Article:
On The Menu: A Behind-The-Scenes Look at Organic Food

Share this!

Looking Underneath the Organic Food Market

The organic food sector is growing. Many studies and their findings show that our conventional food is contaminated with chemicals and herbicides, and that contamination leads to diseases, tumors, mental illnesses and major chronic problems. Organically grown crops are not just better for our health but for the quality of the soil that provides the nutrients to our food.


What Is Considered Organic?

The United States Department of Agriculture (USDA) National Organic Program has strict guidelines for becoming certified as an organic producer. Basically, produce grown without using synthetic fertilizers, pesticides, sewage sludge, genetically modified organisms (GMOs) or ionizing radiation can be certified as organic. In animal products, the meat, dairy and eggs are produced without using growth hormones or antibiotics. Also taken into consideration are the protection of natural resources, biodiversity conservation and only using approved substances. This means a lot of testing for adherence to the guidelines, not to mention checking soil, water, contamination from neighboring fields and constant monitoring to approve products and get that seal from the USDA.


Is Organic Food Safer and More Nutritious?

The Mayo Clinic confirms that evidence continues to show the potential benefits to health of organic compared to conventionally grown foods. Moderate increases in nutrients, higher levels of healthy omega-3 fatty acids, lower toxic cadmium levels in grains and lower levels of residue from pesticides are some of the noticeable differences that contribute to overall health. Without additives, preservatives and GMOs, it stands to reason that food grown organically is safer, but the difference in nutritional value is very difficult to prove. Too many variables affecting nutrients in seeds, harvesting, handling and type of soil make research unreliable. However, peer-reviewed journals are finding higher nutritional values. An example in one study shows organic tomatoes having higher levels of phytochemicals and vitamin C than conventionally grown ones. It doesn’t mean organic labelling is healthy eating. Additives to so-called organic items like snacks, cakes and pre-packaged food can be detrimental to our health. Read the labels.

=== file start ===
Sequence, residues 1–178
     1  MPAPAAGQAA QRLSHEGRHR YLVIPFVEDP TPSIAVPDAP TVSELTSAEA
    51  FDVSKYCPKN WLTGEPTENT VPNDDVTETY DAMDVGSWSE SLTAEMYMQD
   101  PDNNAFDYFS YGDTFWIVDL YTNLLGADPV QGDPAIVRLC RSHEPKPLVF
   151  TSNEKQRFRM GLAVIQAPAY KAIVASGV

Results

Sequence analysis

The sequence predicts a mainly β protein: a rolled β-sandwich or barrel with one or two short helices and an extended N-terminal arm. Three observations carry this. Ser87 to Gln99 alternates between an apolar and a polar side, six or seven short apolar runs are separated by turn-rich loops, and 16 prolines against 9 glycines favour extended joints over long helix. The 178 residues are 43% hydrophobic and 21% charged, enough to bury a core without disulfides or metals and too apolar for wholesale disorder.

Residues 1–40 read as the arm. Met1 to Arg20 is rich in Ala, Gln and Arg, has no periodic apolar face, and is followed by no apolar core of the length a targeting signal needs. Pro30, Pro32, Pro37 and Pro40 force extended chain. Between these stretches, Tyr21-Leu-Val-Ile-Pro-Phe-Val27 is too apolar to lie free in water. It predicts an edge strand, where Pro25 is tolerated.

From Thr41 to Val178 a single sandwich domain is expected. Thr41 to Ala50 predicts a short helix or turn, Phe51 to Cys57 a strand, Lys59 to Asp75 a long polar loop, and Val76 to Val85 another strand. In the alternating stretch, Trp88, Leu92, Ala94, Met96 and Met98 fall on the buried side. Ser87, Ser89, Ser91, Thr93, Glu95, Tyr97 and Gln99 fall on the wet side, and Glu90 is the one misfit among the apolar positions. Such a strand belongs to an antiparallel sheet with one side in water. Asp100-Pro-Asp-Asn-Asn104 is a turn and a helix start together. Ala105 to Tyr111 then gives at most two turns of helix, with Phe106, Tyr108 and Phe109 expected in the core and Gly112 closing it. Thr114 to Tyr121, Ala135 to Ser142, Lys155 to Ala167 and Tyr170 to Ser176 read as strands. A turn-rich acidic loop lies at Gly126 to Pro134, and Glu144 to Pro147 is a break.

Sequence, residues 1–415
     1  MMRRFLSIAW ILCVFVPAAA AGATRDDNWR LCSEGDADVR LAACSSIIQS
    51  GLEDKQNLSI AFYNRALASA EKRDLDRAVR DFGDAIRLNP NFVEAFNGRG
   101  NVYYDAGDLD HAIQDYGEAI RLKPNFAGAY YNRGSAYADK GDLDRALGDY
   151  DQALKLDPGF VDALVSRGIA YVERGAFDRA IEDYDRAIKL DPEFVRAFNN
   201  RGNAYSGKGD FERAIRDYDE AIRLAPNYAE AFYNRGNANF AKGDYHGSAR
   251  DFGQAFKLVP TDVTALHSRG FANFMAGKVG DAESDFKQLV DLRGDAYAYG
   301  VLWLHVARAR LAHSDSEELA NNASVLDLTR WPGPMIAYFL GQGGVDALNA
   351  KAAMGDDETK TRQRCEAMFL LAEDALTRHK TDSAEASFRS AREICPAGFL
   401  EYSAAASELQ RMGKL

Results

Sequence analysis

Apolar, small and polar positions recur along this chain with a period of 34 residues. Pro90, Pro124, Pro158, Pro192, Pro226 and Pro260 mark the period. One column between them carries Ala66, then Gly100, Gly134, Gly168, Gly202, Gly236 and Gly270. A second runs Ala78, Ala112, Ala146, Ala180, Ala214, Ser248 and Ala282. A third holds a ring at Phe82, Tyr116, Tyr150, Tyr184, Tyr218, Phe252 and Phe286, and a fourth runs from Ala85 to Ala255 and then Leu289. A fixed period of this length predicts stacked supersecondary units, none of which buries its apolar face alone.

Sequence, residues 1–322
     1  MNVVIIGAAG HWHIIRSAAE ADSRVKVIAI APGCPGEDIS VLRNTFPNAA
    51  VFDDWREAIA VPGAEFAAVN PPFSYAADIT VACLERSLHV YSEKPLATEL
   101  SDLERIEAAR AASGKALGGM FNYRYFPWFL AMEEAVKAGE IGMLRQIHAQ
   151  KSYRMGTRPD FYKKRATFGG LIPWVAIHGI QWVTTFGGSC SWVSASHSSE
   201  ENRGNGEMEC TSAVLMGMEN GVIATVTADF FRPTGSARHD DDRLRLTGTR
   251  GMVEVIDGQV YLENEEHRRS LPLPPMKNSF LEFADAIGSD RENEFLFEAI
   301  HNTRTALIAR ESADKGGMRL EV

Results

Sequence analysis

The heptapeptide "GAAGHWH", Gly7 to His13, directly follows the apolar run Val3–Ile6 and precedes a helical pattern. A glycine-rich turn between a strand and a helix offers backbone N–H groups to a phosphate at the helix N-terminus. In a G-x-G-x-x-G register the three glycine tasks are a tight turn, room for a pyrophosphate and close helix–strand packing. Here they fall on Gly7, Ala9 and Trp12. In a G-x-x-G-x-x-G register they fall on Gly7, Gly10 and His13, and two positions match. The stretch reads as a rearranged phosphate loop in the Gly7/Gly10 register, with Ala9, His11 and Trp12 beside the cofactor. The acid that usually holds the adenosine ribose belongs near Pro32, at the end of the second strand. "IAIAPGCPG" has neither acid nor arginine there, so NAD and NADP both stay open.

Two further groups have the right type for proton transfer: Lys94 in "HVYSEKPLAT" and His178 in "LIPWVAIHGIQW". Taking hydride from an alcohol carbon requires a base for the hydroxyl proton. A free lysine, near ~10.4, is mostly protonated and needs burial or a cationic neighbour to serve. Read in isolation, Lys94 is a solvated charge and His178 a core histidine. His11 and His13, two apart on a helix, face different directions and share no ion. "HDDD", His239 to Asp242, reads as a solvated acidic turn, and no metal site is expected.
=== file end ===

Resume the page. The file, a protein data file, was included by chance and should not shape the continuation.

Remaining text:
Why Does Organic Food Cost More?

Due to the time-intensive processes that smaller organic farms use and the diligent care that is needed, prices are typically higher. Federal subsidies are not given to organic farmers as they are to large, conventional farms. Environmental cleanup, that sometimes takes years, isn’t reflected in conventional growing. Also, the stringent guidelines, checked often, takes more management. There are ways to get organic food and stick to a budget. The larger stores are starting to stock more and that brings the prices down. Things like breads, cereals and grains that are labeled organic are relatively the same price as conventional. Shopping around, cooking more at home and buying frozen or in bulk can save money as well. Another option becoming popular are low carb meal plans. Boxes of organic produce are specifically made up for a particular meal containing all the ingredients so no shopping is needed.


What’s So Good About Organic?

It’s not just about the food we eat. The most overlooked topic is underneath the food we grow. The soil has been over-processed and isn’t given time to build up nutrients. The chemicals used to kill weeds and bugs goes into the soil and into the food we eat. The wind carries these sprays into other fields and contaminates perfectly healthy soil. Animal welfare is important for a delicious, bacteria and hormone-free piece of meat or fish. Caring for the environment and making crops sustainable will provide sustenance for our future generations.


Providing for our children and their children should be a priority. Helping sustain the small farmer who is doing everything he/she can to grow healthier, tastier and more organic food seems like a dream. The more demand for quality produce, the lower the prices. All these things contribute to viewing organic produce as the better alternative.

Share this!

Add your comment below

Damien is very passionate about health, cooking, diet plans and anything that has to do with staying fit. He specializes mostly in real estate and home improvement as a writer. He grew up in Oregon but now is a resident of Salt Lake City, where he has fallen in love with the snow and the people.